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Brad Butterworth - Commenting on the 33rd America's Cup
(July 25, 2007) Since the release of the Protocol of the 33rd America’s Cup on July 5, 2007, there has been strong concern in how the Alinghi team has structured the next event. While the defender’s club, the Société Nautique de Genčve, states how they look forward to an even better 33rd America's Cup involving competitive challengers from around the world, analysts have viewed the new Protocol as being largely lopsided in favor of the defense.
This week Scuttlebutt publisher Craig Leweck contacted Alinghi skipper Brad Butterworth for his comments, and he provided the following:
Part 1 - Part 2
July 24, 2007
Thanks for your email today.
I agree, the last America’s Cup series was fantastic; what a regatta and how close was the racing, but I cannot believe what has happened since. The champagne is still wet on the decks and Larry Ellison has launched a corporate raid on the America’s Cup.
After the Alinghi team won the America’s Cup in 2003, we gave ourselves almost a year to organize a venue, a schedule, pre-regattas as well as a complete re-writing of the class rules. Now we get it in the neck for not producing everything 2 days after we won the Cup while most of us still had a headache.
Larry and his fellow travelers are condemning us for not writing rules that we haven’t even thought about let alone written. It is incredibly insulting if anyone would think that after 4 years of hard work to produce such a good regatta, we would deliberately turn around and wreck it. The race officials and umpires last time did a great job and we have every intention of keeping the same people.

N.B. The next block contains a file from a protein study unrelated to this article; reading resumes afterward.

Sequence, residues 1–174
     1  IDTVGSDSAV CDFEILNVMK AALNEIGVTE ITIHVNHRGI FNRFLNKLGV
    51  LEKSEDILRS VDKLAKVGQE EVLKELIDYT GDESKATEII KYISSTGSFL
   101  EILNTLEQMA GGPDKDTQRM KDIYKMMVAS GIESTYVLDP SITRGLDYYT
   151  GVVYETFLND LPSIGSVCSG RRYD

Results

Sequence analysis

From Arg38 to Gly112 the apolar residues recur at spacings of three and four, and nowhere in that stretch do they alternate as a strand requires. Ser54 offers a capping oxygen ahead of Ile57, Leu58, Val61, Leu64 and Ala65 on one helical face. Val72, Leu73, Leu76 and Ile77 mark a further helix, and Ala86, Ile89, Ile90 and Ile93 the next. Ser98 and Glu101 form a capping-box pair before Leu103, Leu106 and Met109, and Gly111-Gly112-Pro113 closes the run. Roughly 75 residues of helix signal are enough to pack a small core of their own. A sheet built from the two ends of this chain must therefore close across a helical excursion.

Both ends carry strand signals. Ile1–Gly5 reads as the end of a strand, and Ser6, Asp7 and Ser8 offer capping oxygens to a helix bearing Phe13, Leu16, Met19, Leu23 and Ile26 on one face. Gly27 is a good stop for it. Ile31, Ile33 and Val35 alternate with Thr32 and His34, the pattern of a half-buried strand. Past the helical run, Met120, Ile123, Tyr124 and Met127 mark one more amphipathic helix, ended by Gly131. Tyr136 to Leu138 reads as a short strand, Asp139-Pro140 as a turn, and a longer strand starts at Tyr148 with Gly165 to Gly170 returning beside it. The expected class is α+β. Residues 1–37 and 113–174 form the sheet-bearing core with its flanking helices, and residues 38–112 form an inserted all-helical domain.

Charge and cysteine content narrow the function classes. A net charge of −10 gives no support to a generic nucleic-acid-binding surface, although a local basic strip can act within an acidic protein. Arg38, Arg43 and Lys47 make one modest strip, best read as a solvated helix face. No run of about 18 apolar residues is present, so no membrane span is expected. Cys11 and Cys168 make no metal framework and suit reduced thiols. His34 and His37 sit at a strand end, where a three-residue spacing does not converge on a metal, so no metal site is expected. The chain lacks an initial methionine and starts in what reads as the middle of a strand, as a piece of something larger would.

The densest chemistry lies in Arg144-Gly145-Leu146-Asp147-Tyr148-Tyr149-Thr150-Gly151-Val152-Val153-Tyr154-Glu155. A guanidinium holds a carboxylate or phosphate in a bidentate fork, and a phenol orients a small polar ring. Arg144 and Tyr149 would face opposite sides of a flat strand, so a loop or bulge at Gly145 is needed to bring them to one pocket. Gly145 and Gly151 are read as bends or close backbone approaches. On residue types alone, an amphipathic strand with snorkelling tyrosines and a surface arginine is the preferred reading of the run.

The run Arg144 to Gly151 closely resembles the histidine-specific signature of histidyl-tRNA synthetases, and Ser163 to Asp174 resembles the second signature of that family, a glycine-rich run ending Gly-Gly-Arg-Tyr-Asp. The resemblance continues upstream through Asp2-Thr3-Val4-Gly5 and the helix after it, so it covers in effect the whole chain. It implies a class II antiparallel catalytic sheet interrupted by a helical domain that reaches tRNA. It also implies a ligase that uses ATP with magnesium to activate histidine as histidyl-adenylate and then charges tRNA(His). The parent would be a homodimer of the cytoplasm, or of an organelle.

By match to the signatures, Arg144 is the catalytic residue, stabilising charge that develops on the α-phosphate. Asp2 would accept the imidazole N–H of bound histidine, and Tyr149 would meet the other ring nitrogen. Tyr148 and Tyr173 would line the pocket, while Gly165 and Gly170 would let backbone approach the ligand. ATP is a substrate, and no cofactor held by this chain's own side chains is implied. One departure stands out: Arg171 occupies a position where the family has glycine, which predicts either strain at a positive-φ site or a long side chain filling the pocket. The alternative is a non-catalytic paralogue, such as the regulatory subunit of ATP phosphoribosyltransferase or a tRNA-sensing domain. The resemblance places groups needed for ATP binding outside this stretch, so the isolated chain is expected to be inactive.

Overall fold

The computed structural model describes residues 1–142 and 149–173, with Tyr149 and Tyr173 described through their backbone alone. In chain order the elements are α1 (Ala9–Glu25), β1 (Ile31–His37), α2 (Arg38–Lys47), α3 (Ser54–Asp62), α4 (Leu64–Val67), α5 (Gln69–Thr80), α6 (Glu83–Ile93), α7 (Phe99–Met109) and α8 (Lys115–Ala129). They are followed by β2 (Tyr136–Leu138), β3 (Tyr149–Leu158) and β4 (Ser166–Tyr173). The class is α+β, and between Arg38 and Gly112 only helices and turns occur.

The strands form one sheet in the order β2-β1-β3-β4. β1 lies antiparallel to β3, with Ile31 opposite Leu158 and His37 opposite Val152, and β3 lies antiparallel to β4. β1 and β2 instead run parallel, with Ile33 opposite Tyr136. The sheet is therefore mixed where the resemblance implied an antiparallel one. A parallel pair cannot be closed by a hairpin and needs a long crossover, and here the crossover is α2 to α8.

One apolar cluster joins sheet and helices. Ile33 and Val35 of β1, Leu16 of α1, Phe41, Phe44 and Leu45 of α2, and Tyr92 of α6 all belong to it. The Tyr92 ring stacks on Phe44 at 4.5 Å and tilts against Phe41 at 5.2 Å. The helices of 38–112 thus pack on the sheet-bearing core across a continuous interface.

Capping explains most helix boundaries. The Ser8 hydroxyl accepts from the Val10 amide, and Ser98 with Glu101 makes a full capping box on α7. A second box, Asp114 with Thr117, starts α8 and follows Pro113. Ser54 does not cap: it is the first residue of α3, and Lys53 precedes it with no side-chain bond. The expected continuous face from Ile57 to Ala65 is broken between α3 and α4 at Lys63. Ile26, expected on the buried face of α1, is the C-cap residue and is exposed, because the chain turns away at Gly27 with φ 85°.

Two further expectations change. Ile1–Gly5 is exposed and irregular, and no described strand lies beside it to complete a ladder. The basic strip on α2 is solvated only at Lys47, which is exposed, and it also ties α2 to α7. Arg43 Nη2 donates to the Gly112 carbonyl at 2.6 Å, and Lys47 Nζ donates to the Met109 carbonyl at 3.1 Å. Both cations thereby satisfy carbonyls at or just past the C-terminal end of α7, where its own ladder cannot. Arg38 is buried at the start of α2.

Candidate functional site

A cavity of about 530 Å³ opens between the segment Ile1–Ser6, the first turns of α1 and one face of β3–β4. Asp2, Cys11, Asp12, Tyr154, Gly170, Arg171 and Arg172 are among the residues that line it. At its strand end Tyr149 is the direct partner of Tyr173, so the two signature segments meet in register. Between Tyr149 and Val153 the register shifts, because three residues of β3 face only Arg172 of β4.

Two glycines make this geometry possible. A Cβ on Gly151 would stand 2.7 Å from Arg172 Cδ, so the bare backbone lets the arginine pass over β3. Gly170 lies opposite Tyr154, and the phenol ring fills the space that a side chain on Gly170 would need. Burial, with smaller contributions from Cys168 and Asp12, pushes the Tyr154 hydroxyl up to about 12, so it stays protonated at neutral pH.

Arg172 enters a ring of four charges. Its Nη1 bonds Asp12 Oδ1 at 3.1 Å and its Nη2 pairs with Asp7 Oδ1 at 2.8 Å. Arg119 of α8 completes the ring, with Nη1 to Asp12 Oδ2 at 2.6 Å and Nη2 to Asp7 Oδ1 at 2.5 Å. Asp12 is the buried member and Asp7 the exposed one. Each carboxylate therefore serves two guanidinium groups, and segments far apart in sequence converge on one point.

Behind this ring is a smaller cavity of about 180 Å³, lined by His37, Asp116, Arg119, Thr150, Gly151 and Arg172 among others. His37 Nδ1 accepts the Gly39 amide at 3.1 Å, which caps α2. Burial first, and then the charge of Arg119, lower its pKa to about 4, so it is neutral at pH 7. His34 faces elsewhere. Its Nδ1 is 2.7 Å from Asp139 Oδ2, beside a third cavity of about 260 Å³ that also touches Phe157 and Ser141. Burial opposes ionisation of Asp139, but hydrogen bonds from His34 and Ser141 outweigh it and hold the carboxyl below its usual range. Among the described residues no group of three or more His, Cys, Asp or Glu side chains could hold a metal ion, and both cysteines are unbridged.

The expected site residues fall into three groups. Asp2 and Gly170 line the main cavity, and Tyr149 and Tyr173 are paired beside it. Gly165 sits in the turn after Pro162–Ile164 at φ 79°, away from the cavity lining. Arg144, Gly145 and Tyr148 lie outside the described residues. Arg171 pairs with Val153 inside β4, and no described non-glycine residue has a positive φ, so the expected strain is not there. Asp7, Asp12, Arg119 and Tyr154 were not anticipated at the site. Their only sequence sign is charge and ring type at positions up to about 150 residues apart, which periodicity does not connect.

BMW Oracle Racing was a bad partner as our Challenger of Record for the 32nd America’s Cup. To protect their budget advantage, they stopped us from trying to reduce costs to compete in the event to encourage wider participation. This time it is obvious that it is Larry’s goal to make it more expensive for everyone. The more expensive, the more he likes it. For a month I sat in meetings with Oracle and gave up trying to agree on anything with them because they were simply a hopeless partner to try and deal with. Frankly, they did nothing to help the event. Now, they are determined to destroy the next America’s Cup for their own selfish ends unless it’s with their rules.
The history of the America’s Cup is that the challengers are always moaning no matter how good things are – because they want to win and claim they are taking it somewhere better. Last time it was a great venue with great sailing. As always in the America’s Cup, the best team always wins.
After six America’s Cup, I have never seen anything like this circus, except Michael Fay’s challenge in 1987/1988 when I was sailing around the world with Peter Blake. As with most yachtsmen, it was a joke then and it is a joke now. Oracle struggled to come 5th in the last Regatta and my advice to Larry is to get Garrard’s phone number and order a replica of the Cup and be done with it.
If Larry wins his lawsuit, there will be no challenger series in the 33rd America’s Cup. He will never give up his first chance in seven years of trying at having a shot at the Cup. It will be them and us, and frankly, I can’t get interested in that.